Myth or Fact: Drink 8 Glasses of Water Every Day I MythBusters

25 Jul, 2022

You've probably heard that you should drink 8 glasses of water per day, and this is a widely accepted fact. Is it true, however, that one needs to drink so much water every day? Is it true or false? To learn the truth, watch this video all the way to the end.

Everyone should drink eight glasses of water per day.


Though water is the most convenient and cost-effective fluid to keep you hydrated, the latest Institute of Medicine recommendation is that women aim for two litres or eight glasses of fluid per day and men aim for three litres or 12 glasses per day of any fluid, not just water.

Toxins are flushed from your body when you drink water.


Though water does not always neutralise toxins, the kidneys do use it to eliminate certain waste products. If you don't drink enough water, your kidneys won't have enough fluid to function properly.

Bottled water has been linked to tooth decay.


Bottled water does not cause tooth decay in and of itself, but it typically lacks fluoride, which is added to tap water to help prevent tooth decay.

Water can help keep your skin moisturized.


While it was once thought that staying hydrated resulted in youthful, vibrant skin, the truth is that the amount of water you drink has very little to do with how your skin looks.

Water consumption aids in weight loss.


Drinking water will not cause you to lose weight, but it will help you get there. Water replaces other calorie-laden beverages in the diet, causing you to consume fewer calories overall. Furthermore, it may make you feel fuller, causing you to eat less at each meal. Water, particularly cold water, may even help to boost your metabolism.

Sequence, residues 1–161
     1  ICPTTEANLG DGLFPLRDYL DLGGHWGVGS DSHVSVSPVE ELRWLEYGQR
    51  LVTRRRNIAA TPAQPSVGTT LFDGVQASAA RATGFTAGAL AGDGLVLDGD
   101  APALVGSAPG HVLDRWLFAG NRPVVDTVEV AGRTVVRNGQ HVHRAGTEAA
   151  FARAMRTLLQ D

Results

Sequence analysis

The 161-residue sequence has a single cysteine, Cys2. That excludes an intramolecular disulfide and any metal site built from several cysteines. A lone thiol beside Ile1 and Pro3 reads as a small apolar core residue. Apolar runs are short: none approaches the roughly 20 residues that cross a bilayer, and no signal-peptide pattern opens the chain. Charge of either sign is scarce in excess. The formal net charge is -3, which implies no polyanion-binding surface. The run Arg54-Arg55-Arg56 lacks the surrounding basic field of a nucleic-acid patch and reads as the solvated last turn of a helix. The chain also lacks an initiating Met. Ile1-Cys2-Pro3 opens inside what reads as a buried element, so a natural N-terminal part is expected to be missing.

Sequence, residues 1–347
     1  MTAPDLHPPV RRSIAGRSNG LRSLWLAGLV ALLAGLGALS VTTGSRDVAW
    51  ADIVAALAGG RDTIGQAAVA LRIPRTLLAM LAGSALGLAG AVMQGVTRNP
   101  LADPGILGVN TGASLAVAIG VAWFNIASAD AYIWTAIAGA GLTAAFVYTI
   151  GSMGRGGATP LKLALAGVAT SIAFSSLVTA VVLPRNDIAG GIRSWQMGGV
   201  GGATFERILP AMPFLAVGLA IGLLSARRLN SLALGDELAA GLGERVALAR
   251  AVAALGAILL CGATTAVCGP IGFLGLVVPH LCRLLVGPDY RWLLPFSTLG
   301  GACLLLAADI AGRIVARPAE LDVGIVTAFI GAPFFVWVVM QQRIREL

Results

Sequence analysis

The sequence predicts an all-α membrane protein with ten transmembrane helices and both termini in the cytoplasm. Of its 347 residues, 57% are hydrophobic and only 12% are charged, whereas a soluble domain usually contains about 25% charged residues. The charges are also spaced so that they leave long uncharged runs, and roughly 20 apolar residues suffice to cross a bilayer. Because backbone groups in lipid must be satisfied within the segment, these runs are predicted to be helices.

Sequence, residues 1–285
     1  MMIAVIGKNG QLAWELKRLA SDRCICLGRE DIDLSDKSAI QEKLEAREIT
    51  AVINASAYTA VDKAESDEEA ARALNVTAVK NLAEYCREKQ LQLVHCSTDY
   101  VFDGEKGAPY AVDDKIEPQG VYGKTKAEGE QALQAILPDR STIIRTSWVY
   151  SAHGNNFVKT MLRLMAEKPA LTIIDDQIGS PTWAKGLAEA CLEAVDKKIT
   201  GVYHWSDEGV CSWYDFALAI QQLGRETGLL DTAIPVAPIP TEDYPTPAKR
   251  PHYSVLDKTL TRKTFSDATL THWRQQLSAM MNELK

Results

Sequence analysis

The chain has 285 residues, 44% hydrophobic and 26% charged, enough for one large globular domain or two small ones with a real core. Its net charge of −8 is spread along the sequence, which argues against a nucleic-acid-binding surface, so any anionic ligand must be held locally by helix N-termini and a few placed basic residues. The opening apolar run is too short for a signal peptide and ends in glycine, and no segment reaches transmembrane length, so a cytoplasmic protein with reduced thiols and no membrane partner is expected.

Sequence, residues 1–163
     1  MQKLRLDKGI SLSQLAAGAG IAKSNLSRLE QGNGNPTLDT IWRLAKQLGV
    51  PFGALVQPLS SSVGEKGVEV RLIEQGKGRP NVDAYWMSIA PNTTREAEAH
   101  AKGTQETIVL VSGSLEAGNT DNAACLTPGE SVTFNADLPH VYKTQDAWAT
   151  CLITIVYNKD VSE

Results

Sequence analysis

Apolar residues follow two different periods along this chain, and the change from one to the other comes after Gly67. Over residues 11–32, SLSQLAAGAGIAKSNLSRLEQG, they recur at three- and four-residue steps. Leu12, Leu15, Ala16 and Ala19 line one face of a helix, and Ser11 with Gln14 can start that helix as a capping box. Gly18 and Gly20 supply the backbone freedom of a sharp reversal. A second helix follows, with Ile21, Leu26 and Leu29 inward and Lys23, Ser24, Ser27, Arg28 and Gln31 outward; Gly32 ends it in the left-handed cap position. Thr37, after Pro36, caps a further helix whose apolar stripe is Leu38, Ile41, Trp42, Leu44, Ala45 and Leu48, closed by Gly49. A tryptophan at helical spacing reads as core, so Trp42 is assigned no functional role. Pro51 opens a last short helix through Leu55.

Yellow urine is a sign of dehydration


It can be, but not all yellow urine is dangerous. Dehydration can be indicated by dark yellow urine. The kidneys control the volume and concentration of urine output by filtering waste products and reabsorbing water and other useful substances from the blood. Dehydration causes increased urine concentration, which turns your urine a dark yellow colour. Your urine should ideally be straw yellow in colour. However, other factors, such as taking a multivitamin, can also cause yellow urine.

If you’re thirsty, you are already dehydrated.


If you start to feel thirsty, then you are headed in the wrong direction and should grab a drink of water, but thirst doesn’t necessarily mean you’re dehydrated. “Thirst begins when the concentration of [substances in the] blood has risen by less than 2 percent, whereas most experts would define dehydration as beginning when that concentration has risen by at least 5 percent,” notes Hess-Fischl.

Sports drinks, not water, are required to perform at a high level in athletics.


Sports drinks may have more elaborate advertising campaigns, but water is really all you need to stay hydrated while participating in most athletic activities. Adequate fluid, particularly water, is critical for athletes of all ages because it is the single most important way the body transports nutrients and energy while also removing heat during exercise.

It’s possible to drink too much water.


Drinking too much water can put people with certain health conditions at risk of complications. Excess water should be avoided by people who have certain heart conditions, high blood pressure, or swelling in their lower legs.

You should not reuse plastic water bottles.


Plastic water bottles can present a couple of risks to people who drink their contents and then fill them up time and again. These bottles leach chemicals into your water after multiple uses.

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